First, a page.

Article: article from journal or magazin.
Appropriateness of upper gastrointestinal endoscopy: comparison of American and Swiss criteria.
International Journal for Quality in Health Care
Publication types: Comparative Study ; Journal Article ; Research Support, Non-U.S. Gov't - Publication Status: ppublish
OBJECTIVE: Examine the reproducibility of the RAND method for developing criteria for the appropriateness of medical procedures. DESIGN: Comparison of two sets of explicit criteria for appropriateness of upper gastrointestinal (UGI) endoscopy, developed by separate expert panels from two countries. SETTING: United States, Switzerland. STUDY PARTICIPANTS: National experts from different medical specialties involved in the referral or application of UGI endoscopy. INTERVENTIONS: Each panel was presented with about 500 clinical scenarios (indications) that were rated on a nine-point scale as to the appropriateness of performing UGI endoscopy for a patient with that clinical presentation. MAIN OUTCOME MEASURES: (1) distribution of appropriateness ratings and intrapanel agreement categories between the two panels, (2) between-panel agreement of assigning appropriateness for comparable indications and, (3) percentage of indications with major between-panel differences. RESULTS: Ratings for 2/3 of indications could be compared. The Swiss panel showed higher intrapanel agreement (54.6% versus 46.2%, P = 0.002). Seventy-eight per cent of comparable indications were assigned to identical categories of appropriateness by both panels (kappa = 0.76, P < 0.001). For 93% of the 376 comparable indications, there were no major interpanel differences. CONCLUSION: Separate expert panels in different countries, using a standardized methodology, produce criteria for appropriateness of medical procedures that are similar. Given the resources being invested throughout the world in developing criteria and guidelines, international collaboration in seeking optimal use of limited health care resources should be intensified.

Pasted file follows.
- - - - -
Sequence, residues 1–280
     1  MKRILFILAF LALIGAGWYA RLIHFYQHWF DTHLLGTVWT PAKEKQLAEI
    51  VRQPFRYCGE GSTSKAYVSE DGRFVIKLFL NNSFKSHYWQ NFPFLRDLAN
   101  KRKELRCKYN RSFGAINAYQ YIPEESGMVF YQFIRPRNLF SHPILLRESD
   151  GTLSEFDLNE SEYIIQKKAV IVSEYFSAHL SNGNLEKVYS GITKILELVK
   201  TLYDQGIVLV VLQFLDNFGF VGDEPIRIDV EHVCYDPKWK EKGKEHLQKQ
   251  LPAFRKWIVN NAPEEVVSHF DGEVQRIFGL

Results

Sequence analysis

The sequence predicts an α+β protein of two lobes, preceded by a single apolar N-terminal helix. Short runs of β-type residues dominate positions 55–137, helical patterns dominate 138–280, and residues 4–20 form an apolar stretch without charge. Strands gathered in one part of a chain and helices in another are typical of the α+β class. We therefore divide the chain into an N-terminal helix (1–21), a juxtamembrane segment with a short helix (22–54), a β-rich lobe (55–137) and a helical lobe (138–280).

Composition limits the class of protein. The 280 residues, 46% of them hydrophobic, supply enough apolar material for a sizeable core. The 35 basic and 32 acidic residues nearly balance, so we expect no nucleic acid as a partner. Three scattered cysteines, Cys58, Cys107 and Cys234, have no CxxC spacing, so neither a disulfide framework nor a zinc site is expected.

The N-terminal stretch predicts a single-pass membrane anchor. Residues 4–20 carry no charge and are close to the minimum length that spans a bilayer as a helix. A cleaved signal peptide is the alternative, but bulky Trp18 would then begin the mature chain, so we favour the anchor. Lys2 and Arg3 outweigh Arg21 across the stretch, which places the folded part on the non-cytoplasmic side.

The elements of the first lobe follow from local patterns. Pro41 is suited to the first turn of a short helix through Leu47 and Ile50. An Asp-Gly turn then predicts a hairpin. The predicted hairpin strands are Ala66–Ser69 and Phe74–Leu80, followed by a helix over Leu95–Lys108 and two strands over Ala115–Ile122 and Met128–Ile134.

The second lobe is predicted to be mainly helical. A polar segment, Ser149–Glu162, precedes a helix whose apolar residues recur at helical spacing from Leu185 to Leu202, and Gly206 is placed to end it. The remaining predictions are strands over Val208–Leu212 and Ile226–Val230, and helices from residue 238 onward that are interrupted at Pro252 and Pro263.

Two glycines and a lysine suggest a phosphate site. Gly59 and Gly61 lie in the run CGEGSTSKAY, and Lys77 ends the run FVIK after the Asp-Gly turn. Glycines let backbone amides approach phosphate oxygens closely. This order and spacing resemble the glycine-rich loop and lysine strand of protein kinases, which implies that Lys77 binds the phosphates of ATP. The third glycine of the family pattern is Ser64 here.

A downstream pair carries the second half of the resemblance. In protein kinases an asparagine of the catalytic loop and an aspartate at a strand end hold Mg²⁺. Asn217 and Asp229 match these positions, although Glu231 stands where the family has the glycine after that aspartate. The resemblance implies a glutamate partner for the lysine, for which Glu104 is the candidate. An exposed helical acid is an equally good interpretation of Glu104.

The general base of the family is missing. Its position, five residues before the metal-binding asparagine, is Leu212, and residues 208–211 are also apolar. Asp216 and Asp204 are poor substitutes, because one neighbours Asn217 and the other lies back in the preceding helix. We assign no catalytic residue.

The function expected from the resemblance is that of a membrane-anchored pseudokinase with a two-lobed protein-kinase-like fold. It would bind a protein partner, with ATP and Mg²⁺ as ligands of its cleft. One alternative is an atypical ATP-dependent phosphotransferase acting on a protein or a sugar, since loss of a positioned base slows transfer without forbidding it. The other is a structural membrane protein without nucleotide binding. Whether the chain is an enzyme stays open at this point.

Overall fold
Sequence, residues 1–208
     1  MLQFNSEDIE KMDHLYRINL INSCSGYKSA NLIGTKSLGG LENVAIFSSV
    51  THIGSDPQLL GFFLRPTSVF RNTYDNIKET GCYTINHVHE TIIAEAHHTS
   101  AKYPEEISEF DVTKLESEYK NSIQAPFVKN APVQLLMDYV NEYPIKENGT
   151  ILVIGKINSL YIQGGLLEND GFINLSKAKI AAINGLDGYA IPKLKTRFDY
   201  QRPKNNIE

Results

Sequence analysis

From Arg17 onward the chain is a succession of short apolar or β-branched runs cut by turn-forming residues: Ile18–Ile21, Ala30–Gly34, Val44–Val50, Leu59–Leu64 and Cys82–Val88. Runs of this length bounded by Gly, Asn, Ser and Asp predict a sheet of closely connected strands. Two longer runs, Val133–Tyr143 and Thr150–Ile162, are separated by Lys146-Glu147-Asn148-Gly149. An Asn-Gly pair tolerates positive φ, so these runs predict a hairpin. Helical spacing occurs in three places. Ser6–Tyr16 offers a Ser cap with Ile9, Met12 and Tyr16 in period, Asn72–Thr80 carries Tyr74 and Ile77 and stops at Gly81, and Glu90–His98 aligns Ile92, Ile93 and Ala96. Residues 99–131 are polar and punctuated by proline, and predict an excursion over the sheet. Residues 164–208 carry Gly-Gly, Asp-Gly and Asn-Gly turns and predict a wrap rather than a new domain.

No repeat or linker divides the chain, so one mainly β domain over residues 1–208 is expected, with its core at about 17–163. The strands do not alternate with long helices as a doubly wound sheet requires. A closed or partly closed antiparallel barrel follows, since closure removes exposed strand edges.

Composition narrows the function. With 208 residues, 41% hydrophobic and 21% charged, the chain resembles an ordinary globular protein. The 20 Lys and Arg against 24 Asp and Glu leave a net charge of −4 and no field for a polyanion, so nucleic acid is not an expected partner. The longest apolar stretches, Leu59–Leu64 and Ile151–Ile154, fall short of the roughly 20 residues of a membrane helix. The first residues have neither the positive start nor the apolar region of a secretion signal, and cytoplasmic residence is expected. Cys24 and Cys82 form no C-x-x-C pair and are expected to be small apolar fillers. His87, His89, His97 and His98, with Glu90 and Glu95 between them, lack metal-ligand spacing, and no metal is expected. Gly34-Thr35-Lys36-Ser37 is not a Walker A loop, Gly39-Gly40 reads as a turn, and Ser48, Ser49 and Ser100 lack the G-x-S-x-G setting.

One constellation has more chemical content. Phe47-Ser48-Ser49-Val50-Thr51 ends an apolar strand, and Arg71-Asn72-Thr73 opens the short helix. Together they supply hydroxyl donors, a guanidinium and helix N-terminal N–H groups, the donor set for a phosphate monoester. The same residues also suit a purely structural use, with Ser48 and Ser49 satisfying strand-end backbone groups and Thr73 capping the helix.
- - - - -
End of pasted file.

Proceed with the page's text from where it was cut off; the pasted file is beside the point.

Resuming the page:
Endoscopy, Gastrointestinal, Health Services Research, Humans, International Cooperation, Patient Selection, Practice Guidelines as Topic, Process Assessment (Health Care), Reproducibility of Results, Switzerland, Technology Assessment, Biomedical, United States
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